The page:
The National Catholic Review
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The fallout following the forced retirement of Bishop William Morris, of the Diocese of Toowoomba in Australia, has grown more caustic in the days since May 1, the effective date of his removal by Pope Benedict XVI. During a period when many clamor for a more aggressive response from Rome about bishops whose poor judgment delayed remedies for the abuse of children in dioceses around the world, the decision to retire Bishop Morris because of a carefully couched reference to women’s ordination raised eyebrows.

Outraged supporters have rallied around the bishop. Australia’s National Council of Priests first leaped to Bishop Morris’s defense: “We are appalled at the lack of transparency and due process that led to this decision by church authorities,” the council said in a statement. “We are embarrassed about the shabby treatment meted out to an outstanding Pastor.... We are concerned about an element within the church whose restorationist ideology wants to repress freedom of expression within the Roman Catholic Church and who deny the legitimate magisterial authority of the local bishop within the church.”

Bishop Morris had been investigated because of various differences with Rome, his use of general absolution and unorthodox ideas regarding clerical wear among them. But perhaps generating the most tension was a pastoral letter in 2006 that mentioned that the ordination of married men and of women might be part of the solution to the diocese’s acute priest shortage. Bishop Morris has apparently resisted Vatican calls for his resignation since at least 2007 and agreed to leave only after his position had become “untenable.” He told Australian television on May 8 that his departure was intended to “send a message to the bishops of the world...if you ask questions, if you’re in people’s faces long enough, if you’re kind of a nuisance around the place, well, ‘Look what happened to Bill Morris.’” The report that led to his removal has not been made public.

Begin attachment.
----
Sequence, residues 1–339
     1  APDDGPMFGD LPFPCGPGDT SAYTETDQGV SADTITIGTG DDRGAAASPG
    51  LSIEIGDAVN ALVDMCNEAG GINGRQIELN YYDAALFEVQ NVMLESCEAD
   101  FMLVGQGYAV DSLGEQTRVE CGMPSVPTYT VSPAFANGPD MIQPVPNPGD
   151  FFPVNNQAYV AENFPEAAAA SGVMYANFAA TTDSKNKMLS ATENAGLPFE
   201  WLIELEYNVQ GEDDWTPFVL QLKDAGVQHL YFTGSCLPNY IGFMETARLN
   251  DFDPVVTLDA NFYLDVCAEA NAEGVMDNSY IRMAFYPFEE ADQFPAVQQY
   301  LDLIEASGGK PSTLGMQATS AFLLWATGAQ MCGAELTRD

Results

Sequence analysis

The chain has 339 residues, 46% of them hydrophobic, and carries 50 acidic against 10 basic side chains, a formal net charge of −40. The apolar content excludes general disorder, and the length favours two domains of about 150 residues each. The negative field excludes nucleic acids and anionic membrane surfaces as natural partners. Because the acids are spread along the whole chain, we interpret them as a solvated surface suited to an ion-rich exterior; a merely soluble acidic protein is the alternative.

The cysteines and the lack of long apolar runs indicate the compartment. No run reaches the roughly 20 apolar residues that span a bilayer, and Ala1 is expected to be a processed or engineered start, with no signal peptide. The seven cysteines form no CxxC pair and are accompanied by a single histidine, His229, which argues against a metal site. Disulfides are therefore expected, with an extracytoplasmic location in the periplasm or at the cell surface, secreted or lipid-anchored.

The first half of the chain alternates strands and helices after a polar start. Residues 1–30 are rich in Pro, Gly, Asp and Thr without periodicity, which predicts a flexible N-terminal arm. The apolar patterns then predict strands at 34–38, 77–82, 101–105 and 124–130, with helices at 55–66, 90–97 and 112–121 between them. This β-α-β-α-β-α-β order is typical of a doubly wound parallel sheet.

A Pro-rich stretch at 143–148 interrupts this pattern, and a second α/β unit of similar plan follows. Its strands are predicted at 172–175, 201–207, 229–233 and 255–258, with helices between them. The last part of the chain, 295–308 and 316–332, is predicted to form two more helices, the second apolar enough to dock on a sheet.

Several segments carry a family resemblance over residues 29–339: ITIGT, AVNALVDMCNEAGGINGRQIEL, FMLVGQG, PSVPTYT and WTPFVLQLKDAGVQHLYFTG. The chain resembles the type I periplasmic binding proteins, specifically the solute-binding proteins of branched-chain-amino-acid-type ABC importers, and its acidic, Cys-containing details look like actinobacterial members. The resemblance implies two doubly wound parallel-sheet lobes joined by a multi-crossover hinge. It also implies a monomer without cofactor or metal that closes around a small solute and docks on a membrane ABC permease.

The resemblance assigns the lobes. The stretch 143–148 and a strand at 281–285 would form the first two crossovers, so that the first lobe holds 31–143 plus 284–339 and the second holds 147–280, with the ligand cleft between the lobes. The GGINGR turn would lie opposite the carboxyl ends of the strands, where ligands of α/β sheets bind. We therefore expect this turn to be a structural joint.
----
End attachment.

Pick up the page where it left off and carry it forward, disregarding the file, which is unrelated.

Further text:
Speaking on behalf of the Vincentians in Australia, Tim Williams, C.M., had harsh words for both the Vatican’s process and for a group of parishioners who persistently urged Bishop Morris’s removal: “[Bishop Morris] has been subjected to criticism from a small number of self-appointed liturgical and doctrinal watchdogs who...see it as their calling to run to sympathetic ecclesiastical authorities with their destructive reports. Just as we wonder at the motivation behind the extremes of terrorism, it is hard to understand what distortion of Christianity drives these watchdogs in their efforts to bring down good people.”

Father Williams concluded: “Bill Morris is a bishop who has dared to indicate he is open to some different thinking in addressing pastoral needs—and for that, it seems, he is being dismissed. To deny others freedom to even think differently surely smacks of a totalitarian regime.”

A statement released by Peter Wilkinson, a spokesperson for Australia’s reform-leaning group Catholics for Ministry, called the process that led to Bishop Morris’s removal a “kangaroo court.” Wilkinson said: “Bishop Morris has never had, as far as is known, any formal charges laid against him by the Vatican, never been shown the evidence gathered against him and never allowed to face as witnesses in public any of his accusers.... Without due process Catholics can have no confidence in their Church’s legal system or trust in those who administer it.”

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